Remember those tariffs President Trump announced on Mexico last week? They're set to take effect on Monday.
There's been a spike of migrants entering the US. Last month, more than 144,000 migrants were detained after crossing the US-Mexico border illegally or after presenting themselves at ports of entry – the highest number in 13 years. And Trump has an idea to curb the problem: tariffs.
Last week, Trump said the US is slapping a 5% tariff on all Mexican imports until "the illegal immigration problem is remedied." And a 5% increase would happen every month until the number hits 25% – which could happen as soon as October.
Mexican President Andrés Manuel López Obrador was apparently hoping to reach a deal...yesterday. But that didn't happen, and officials from both countries continued discussions. Mexican officials have promised to deploy up to 6,000 troops to the country's border with Guatemala – in the hopes of reducing the amount of migrants headed to the US. Unclear if Trump will accept this. But it doesn't seem like Trump's own party agrees with his approach.
Republican lawmakers warned the president that they strongly oppose the tariffs and are siding with Dems on this one. But Trump has said lawmakers would be "foolish" to try to stop him. So, the tariffs are expected to happen unless a deal between the two countries is struck ASAP.
Yes, since the White House has until today to issue a formal notice to make sure the tariffs go into effect Monday. The tariffs on Mexico could cost the US 400,000 jobs – especially in Texas. We'll say that again: tariffs on Mexico would result in lost American jobs. They would also raise the prices Americans pay for things like avocados, tequila, and more. Some experts also say that while Mexico can step up enforcement, stopping all illegal immigration into the US might be unrealistic.
Last year, Mexico was the US's third largest trading partner. But right now, it's number one. These tariffs are likely to hurt both countries' economies. It may result in higher prices for US consumers, and Mexico will probably retaliate with tariffs of its own. TBD if this means the US is headed towards an entirely new trade war.
$: Tariffs are usually paid for by the companies that import products but can be pushed onto customers. Here's how new tariffs could affect your wallet.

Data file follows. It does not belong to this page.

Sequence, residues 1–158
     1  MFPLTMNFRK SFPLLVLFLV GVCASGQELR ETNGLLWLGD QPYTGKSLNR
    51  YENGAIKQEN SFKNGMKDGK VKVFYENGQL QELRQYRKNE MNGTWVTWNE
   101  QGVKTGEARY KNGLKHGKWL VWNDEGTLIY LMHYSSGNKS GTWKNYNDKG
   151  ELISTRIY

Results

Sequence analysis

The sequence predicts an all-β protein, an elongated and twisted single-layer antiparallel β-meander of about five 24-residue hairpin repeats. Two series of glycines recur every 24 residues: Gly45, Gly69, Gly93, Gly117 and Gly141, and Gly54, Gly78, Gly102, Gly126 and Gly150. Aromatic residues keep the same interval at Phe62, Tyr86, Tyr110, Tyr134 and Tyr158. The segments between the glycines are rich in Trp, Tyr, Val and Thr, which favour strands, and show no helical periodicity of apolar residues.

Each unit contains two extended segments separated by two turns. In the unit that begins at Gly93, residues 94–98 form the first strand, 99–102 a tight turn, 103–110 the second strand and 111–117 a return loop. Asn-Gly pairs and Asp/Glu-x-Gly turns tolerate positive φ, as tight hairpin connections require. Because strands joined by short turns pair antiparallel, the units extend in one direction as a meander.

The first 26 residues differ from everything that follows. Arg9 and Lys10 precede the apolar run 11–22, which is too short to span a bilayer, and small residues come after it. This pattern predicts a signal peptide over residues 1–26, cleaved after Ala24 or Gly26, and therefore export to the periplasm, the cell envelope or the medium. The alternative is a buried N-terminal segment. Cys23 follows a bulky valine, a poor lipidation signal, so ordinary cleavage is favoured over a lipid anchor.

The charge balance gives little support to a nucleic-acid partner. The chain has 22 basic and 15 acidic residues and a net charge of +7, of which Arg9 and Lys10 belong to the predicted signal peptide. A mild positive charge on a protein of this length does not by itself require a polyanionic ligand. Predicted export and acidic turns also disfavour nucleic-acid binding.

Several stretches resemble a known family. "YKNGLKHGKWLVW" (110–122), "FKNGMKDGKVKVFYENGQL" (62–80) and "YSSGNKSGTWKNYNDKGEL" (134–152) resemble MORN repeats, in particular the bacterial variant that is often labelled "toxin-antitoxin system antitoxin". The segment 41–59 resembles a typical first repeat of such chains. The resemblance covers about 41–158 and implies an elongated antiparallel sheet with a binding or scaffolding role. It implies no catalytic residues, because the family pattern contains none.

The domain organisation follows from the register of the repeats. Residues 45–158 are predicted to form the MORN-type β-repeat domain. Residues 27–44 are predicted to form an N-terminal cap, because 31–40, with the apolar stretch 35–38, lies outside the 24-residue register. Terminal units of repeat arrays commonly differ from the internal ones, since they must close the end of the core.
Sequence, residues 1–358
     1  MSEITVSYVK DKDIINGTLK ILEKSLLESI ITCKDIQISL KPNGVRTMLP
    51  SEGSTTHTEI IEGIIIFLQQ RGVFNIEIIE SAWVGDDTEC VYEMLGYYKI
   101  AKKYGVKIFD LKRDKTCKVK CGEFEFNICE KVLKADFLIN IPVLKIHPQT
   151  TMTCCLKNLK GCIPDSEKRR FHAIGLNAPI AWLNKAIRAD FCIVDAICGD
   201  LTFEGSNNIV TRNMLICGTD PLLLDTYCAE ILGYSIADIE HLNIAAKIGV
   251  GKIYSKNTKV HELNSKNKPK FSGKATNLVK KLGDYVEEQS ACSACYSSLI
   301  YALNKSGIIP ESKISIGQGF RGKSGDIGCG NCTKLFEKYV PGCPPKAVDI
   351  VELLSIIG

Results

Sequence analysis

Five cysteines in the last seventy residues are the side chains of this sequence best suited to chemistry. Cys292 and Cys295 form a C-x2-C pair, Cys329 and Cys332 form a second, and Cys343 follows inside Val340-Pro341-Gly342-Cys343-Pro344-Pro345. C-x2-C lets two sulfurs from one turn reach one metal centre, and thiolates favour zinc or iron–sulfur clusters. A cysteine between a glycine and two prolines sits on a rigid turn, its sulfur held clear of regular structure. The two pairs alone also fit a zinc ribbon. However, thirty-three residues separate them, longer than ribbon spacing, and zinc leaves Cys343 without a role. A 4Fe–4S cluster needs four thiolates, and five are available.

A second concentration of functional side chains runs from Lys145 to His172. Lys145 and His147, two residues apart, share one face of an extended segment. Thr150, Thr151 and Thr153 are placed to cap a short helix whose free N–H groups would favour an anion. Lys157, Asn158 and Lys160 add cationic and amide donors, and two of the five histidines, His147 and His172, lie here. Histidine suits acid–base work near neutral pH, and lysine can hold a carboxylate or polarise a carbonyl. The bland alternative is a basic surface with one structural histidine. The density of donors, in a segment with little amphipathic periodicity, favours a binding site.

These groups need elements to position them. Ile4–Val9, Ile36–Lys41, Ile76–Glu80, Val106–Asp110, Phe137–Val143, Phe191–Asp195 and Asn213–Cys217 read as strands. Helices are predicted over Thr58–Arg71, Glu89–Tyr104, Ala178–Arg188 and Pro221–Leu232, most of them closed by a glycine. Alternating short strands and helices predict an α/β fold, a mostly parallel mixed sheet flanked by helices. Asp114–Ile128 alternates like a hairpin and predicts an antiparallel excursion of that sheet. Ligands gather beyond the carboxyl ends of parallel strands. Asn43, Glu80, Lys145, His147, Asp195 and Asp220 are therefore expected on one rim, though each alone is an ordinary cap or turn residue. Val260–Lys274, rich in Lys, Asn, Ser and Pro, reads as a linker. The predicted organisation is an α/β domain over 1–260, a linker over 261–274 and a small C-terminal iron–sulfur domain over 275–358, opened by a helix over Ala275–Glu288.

The FCC. Yesterday, it voted to let phone companies block robocalls for customers. Pause for collective sigh of relief. We all know these types of calls have gotten out of control. In the span of a year, the FCC got millions of complaints about them. Yes, we said millions. Now they're taking action by letting your phone carrier block these calls by default.
Please hold: Groups like hospitals and debt collectors argue that this could prevent their automated (and legal) calls from getting to customers if they're accidentally blocked. And phone carriers may end up charging customers (read: you) for this since the FCC didn't require this new feature to be free.
The New York Police Department. It's apologizing for the 1969 raid at the Stonewall Inn – a popular gay bar in NYC. Back in the '60s, law enforcement often considered being gay a crime. And in the early hours of June 28th 1969, police raided the bar. Customers fought back, which turned into days of riots. It was seen as a pivotal point in the modern gay rights movement, and a year later the first gay pride parade was held. In the past, the NYPD has avoided apologizing about the raid. But yesterday, 50 years later, the NYPD commissioner apologized, and said that "the actions and the laws were discriminatory and oppressive." While some were happy to hear the apology, others said 'it's just too little, too late.'
Vox Media. Yesterday, hundreds of employees walked off the job. Staffers have been trying to unionize for more than a year. And they haven't been able to agree with management on how to make it happen, especially with things like salary and severance details. The company's CEO says he's still committed to making this work.
U(nion) know there's a problem: In recent years, dozens of media companies have unionized as the industry's been struggling with revenue growth.
Joe Biden. The former VP and 2020 candidate said he no longer supports the Hyde Amendment...a day after his campaign said he still supports it. Reminder: that's the law that bans the federal gov from funding most abortions. Foresight is 2020.
Skimm This. Our daily podcast talks about the dream that could become a permanent reality in the UK: a four-day work week. Some politicians are pretty interested, and surprise, so are three out of four British workers.
Take a look in the mirror.
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